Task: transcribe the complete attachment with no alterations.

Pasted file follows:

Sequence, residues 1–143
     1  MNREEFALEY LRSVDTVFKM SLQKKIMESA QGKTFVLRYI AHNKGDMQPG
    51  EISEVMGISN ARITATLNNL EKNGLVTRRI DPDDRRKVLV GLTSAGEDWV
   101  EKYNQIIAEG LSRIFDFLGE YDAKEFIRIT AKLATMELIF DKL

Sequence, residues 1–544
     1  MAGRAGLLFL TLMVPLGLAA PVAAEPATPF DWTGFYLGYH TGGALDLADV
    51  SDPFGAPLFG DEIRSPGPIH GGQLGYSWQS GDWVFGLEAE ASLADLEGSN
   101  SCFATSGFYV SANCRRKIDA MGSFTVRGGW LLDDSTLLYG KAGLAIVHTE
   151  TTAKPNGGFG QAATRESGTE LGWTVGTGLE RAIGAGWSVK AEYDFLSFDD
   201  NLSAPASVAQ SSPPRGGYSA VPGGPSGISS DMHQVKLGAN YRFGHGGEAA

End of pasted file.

Sequence, residues 1–143
     1  MNREEFALEY LRSVDTVFKM SLQKKIMESA QGKTFVLRYI AHNKGDMQPG
    51  EISEVMGISN ARITATLNNL EKNGLVTRRI DPDDRRKVLV GLTSAGEDWV
   101  EKYNQIIAEG LSRIFDFLGE YDAKEFIRIT AKLATMELIF DKL

Sequence, residues 1–544
     1  MAGRAGLLFL TLMVPLGLAA PVAAEPATPF DWTGFYLGYH TGGALDLADV
    51  SDPFGAPLFG DEIRSPGPIH GGQLGYSWQS GDWVFGLEAE ASLADLEGSN
   101  SCFATSGFYV SANCRRKIDA MGSFTVRGGW LLDDSTLLYG KAGLAIVHTE
   151  TTAKPNGGFG QAATRESGTE LGWTVGTGLE RAIGAGWSVK AEYDFLSFDD
   201  NLSAPASVAQ SSPPRGGYSA VPGGPSGISS DMHQVKLGAN YRFGHGGEAA